In the 1950s and 1960s, the Illinois Central provided passenger service through Dubuque aboard the "Land O' Corn" between Chicago and Waterloo and west to Sioux City aboard the "Hawkeye." (31)

This photo is of the yard master tower that was in front of the CB&Q depot. A man in this tower controlled the flashing lights on the crossing signs at 3rd and 4th Streets, and possibly 1st and 2nd Streets, before the Highway 61/52/151 reconstruction. The tower was manned twenty-four hours daily each day of the year. Information courtesy: Mark G. Gayman, former ICRR telegraph operator

The Canadian National Railway gained control of the IC in 1998. (32)

Railroad pass
Railroad pass

In 1972, the IC purchased its main competitor, the Gulf, Mobile & Ohio Railroad, forming the Illinois Central Gulf Railroad.

The following years were a time of decline. The Iowa Division was dismantled and along with many others were sold to the Chicago, Central & Pacific Railroad in 1985. Although the ICG changed the name back to Illinois Central in 1988 and purchased back the Iowa Division in 1996 competition became too great. In 1998, the IC was sold to the Canadian National Railway which later purchased the Wisconsin Central in western Wisconsin and several other railroads. The CN continues to operate this line with about 5 trains a day. (33)

See: Roswell B. MASON



1. "Iowa and the Illinois Central," Illinois Central Magazine, Nov. 27, 1927, p. 13

2. Ibid., p. 3

3. Ibid.

4. "Illinois Central Railroad," Encyclopedia of Chicago. Online: http://www.encyclopedia.chicagohistory.org/pages/627.html

5. "Iowa and the Illinois Central," p. 4

6. Ibid.

7. Corliss, Carlton J. Trails to Rails: A Story of Transportation Progress in Illinois, Chicago: Illinois Central System, 1934, p. 24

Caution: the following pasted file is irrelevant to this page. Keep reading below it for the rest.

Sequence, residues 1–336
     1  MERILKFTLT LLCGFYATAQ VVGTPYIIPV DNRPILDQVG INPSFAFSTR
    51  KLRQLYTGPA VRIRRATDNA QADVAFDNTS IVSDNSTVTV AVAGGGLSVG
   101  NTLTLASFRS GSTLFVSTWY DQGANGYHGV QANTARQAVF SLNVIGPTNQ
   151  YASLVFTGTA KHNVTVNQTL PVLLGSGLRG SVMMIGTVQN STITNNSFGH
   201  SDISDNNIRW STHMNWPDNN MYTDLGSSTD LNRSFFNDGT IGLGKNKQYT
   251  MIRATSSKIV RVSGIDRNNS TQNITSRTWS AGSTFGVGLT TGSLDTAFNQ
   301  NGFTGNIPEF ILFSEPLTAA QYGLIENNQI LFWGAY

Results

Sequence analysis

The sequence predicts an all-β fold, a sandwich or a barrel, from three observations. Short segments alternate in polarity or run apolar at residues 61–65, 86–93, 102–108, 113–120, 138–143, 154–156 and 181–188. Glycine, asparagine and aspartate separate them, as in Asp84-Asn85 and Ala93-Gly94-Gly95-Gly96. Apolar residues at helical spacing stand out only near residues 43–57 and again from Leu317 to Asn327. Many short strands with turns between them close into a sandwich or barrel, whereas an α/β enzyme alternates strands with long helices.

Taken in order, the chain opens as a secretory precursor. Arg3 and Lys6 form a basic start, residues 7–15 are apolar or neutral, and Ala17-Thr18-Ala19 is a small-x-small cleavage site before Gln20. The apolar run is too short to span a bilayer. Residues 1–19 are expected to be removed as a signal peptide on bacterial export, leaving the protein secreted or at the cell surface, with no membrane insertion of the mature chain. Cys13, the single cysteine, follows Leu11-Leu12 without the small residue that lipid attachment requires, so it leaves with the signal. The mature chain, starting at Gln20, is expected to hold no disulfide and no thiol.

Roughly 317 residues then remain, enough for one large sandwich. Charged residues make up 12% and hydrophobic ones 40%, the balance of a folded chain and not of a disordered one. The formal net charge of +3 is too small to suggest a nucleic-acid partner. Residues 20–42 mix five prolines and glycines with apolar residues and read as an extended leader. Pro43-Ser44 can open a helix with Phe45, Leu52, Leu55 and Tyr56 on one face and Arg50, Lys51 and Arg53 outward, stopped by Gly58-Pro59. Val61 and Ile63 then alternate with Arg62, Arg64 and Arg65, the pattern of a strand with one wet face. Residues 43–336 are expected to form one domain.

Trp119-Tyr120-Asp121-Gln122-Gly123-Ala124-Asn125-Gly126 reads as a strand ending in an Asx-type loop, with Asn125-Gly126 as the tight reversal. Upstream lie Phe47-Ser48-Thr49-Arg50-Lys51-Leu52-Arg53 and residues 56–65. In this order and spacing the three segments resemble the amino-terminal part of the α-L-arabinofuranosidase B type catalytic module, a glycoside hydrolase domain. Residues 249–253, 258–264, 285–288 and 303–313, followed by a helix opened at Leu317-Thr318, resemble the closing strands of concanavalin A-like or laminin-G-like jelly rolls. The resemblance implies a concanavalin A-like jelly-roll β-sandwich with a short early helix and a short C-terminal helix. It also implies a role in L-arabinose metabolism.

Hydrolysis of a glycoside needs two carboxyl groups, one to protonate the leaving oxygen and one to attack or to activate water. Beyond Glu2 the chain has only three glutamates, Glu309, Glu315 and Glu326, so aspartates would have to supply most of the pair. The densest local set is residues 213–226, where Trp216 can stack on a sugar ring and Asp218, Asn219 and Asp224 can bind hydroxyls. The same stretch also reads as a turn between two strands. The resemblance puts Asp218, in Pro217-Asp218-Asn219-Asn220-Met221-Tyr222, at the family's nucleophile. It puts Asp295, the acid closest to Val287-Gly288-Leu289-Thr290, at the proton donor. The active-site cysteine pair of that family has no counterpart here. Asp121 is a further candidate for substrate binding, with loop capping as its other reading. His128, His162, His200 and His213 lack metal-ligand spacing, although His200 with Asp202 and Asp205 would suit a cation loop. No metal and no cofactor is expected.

8. Ibid.

9. "Illinois Central Railroad."

10. "Iowa and the Illinois Central," p. 6

11. Ibid., p. 8

12. Ibid.

13. Ibid., p. 9

14.Ibid., p. 10


16. Hudson, David; Bergman, Marvin and Horton, Loren. The Biographical Dictionary of Iowa. Iowa City: University of Iowa Press, 2008, p. 44

17."Iowa and the Illinois Central," p. 11


19.Ibid, p. 12



22. Stover, John F. History of the Illinois Central. New York: Macmillan Publishing Company, Inc. 1975, p. 136

23. "A New Train," Dubuque Daily Herald, December 21, 1895, p. 2

24. "Illinois Central," Wikipedia. Online: http://en.wikipedia.org/wiki/Illinois_Central_Railroad

25. Corliss, p. 42

26. "Caught on the Fly," Dubuque Herald, January 19, 1882, p. 4

27. "Caught on the Fly," Dubuque Herald, January 13, 1882, p. 4

28. Meyer, Jeffrey J. "Inter-century Railroad Stations," Julien's Journal, February 2012, p. 50

29. "Illinois Central Railroad (IC)," Encyclopaedia Britannica, Online: http://www.britannica.com/EBchecked/topic/282973/Illinois-Central-Railroad-IC

30. Kruse, Len. Unforgettable Radio, Dubuque: Union-Hoermann Press, 1993, p. 172

31. "Local News in Brief," Dubuque Daily Herald, July 6, 1890, p. 8. Online: https://news.google.com/newspapers?nid=_OG5zn83XeQC&dat=18900706&printsec=frontpage&hl=en

32. Meyer, Jeffrey J. "Clear the Track," Julien's Journal, March 2010, p. 36

33. "John Marvig Railroad Bridge Photography," Online: http://www.johnmarvigbridges.org/East%20Dubuque%20Rail%20Tunnel.html

Photo courtesy: Illinois Central Railroad Heritage Association. City of Miami "Bamboo Grove"
Photo courtesy: Illinois Central Railroad Heritage Association. Rear observation lounge on the City of Miami
Photo courtesy: Illinois Central Railroad Heritage Association.(Postcard) Dining car on the City of Miami
Photo courtesy: Illinois Central Railroad Heritage Association. Panama Limited circa 1947